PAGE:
Linklater’s New Film “Boyhood” a Real Grown-up Treat.

Ellar Coltrane in "Boyhood".

Ellar Coltrane in “Boy­hood”.

Boy­hood pulls off a rare feat. It’s a film that works and real­ly engages despite being based on a gim­mick. The gim­mick in ques­tion is one of those things that must have sound­ed like a good idea at the time.

Take a cou­ple of chil­dren, and a cou­ple of adults, and film them in a hand­ful of scenes once a year, for twelve years.

The more you think about that, the more the whole thing should have fall­en flat on its face. The rea­son that it all works so won­der­ful­ly well is because of the way that Richard Lin­klater makes these kind of films, his per­son­al ones as opposed to the ones he makes for the studio.

As we have seen in what we have to call the Before series, as by now there have been three of them (to date), Sun­rise, Sun­set and Mid­night (reviewed ear­li­er here), he and his actors work­shop their scenes exhaus­tive­ly, in a sort of anti Ken Loach man­ner. So that instead of being in any way impro­vised, the films evolve from a script that has been writ­ten with­in an inch of its life.

Ch ch ch changes...

Ch ch ch changes…

By the time the actors come to film their scenes, they know their char­ac­ters and why they are doing what they are doing inside out. And any impro­vi­sa­tion comes from the per­for­mance, and not thank­ful­ly from the sto­ry telling.

The main dif­fer­ence between Before and Boy­hood isn’t so much the time frame, as it is the focus of atten­tion. In the­o­ry at least, as the title sug­gests, it’s the sto­ry of a boy’s jour­ney from sev­en years old to 19. Which could have been hor­ri­bly saccharine.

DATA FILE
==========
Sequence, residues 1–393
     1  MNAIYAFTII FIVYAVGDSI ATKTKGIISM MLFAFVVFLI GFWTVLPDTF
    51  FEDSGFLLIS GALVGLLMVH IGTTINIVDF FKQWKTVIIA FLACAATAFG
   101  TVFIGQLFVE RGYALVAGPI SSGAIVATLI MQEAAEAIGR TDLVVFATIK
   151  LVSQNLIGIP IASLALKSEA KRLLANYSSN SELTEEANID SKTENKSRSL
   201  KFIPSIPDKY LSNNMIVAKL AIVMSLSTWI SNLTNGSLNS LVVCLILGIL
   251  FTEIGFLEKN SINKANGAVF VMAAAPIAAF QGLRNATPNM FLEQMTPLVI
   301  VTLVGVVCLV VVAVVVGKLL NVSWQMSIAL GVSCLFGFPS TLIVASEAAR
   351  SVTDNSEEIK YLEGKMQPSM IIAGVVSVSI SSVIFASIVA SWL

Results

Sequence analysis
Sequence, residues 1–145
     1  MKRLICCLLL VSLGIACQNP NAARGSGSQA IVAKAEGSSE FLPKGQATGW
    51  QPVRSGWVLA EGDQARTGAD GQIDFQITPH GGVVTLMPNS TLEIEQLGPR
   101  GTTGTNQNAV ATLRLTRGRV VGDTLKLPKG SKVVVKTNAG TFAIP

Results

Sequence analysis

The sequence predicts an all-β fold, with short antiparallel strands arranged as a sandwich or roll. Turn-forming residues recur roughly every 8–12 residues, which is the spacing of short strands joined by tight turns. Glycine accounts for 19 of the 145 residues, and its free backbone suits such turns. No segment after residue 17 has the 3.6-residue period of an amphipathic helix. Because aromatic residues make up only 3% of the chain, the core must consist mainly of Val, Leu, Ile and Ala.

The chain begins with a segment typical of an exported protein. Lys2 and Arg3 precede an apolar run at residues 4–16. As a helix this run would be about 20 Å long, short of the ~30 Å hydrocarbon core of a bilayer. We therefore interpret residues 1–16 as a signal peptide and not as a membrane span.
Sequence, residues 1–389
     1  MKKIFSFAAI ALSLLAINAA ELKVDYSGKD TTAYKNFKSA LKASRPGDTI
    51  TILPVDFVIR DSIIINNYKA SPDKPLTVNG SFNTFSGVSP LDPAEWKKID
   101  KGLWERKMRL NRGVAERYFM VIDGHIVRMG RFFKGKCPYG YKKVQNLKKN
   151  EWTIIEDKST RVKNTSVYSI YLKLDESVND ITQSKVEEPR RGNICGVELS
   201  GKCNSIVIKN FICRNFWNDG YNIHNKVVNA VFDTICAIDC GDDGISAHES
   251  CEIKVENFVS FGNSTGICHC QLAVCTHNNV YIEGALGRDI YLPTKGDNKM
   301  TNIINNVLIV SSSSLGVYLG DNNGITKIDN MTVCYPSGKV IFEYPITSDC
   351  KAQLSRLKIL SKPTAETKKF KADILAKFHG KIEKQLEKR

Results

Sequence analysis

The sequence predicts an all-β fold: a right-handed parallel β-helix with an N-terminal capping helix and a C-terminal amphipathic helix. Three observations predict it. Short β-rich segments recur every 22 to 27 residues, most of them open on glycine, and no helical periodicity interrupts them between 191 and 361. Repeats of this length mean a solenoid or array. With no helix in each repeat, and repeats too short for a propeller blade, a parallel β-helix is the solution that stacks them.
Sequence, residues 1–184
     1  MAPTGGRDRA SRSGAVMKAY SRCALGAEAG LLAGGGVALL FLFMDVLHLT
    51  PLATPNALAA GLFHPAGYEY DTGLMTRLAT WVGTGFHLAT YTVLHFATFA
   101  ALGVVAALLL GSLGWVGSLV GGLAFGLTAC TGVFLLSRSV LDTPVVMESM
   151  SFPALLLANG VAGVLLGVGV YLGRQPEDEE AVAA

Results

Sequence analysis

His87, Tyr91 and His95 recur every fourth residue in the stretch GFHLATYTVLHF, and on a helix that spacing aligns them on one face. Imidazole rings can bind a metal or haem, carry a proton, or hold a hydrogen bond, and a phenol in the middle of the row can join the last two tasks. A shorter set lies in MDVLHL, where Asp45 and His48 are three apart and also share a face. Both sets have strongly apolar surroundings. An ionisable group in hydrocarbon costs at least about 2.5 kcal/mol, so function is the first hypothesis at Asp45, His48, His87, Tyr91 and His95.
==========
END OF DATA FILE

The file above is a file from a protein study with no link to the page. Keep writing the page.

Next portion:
And there’s no ques­tion that the film isn’t quite as gut-wrench­ing­ly unfor­giv­ing of its char­ac­ters as Before Mid­night was, because Lin­klater is under­stand­ably less inclined to put his child actors through the emo­tion­al mill in quite the same way that he is with his adults.

But the rea­son that the film works so well is because in real­i­ty it offers a twin per­spec­tive. On the one hand there are the two chil­dren, of ordi­nary par­ents, and the way in which their lives seem to be imposed upon them from with­out. Sud­den­ly they are forced to move, and start a new school, and they’ve a new father, and then it’s all over again, and they have to move and start all over, again.

The teenage Coltrane with Zoe Graham.

The teenage Coltrane with Zoe Graham.

And on the oth­er, there’s a guy and a girl who are find­ing it hard enough at becom­ing adults, and now they have to bring up a cou­ple of kids at the same time. And the gap between what they’d hoped their lives would become, and the lives they are being forced to live just to make ends meet, is get­ting ever wider and increas­ing­ly unbridge­able. None of it is anyone’s fault. And yet they all blame each other.
All the per­for­mances are stun­ning. And yes the two kids Ellar Coltr­tane and Lorelei Lin­klater are amaz­ing. But it’s the adults Ethan Hawke and espe­cial­ly Patri­cia Arquette as the moth­er that gives this film its sub­stance. The weight of moth­er­hood is all too vis­i­ble as she lit­er­al­ly ages before our eyes.

Richard Lin­klater is one of the very few seri­ous film mak­ers work­ing today. And Boy­hood is anoth­er triumph.

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